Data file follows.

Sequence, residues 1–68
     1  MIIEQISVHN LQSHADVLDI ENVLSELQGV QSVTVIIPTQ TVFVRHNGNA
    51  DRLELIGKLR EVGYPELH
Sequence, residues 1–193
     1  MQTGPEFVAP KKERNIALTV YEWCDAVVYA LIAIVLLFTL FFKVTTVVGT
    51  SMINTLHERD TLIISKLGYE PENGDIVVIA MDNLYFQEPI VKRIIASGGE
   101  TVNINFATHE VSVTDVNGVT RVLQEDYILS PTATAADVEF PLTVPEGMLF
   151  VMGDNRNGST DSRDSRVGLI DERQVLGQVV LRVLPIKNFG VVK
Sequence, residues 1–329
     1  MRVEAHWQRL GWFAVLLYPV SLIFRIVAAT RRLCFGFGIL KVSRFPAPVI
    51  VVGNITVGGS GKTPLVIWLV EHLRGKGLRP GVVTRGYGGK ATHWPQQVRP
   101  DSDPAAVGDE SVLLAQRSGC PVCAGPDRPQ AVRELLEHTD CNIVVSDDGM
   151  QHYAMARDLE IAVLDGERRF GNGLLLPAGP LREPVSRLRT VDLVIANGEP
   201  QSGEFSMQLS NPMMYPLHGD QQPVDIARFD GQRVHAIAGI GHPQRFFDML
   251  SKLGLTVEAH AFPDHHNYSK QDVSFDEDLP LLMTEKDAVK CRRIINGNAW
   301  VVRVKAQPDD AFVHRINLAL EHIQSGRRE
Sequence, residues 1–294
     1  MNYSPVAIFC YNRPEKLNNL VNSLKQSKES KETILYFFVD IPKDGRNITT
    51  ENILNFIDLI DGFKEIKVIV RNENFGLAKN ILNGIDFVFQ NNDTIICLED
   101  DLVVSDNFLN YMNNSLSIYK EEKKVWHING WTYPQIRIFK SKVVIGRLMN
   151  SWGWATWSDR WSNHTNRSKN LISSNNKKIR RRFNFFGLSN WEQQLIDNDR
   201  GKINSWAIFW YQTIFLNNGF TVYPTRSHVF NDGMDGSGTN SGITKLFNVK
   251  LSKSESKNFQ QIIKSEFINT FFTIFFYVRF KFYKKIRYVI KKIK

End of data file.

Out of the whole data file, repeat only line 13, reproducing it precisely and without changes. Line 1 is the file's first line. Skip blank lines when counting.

   151  QHYAMARDLE IAVLDGERRF GNGLLLPAGP LREPVSRLRT VDLVIANGEP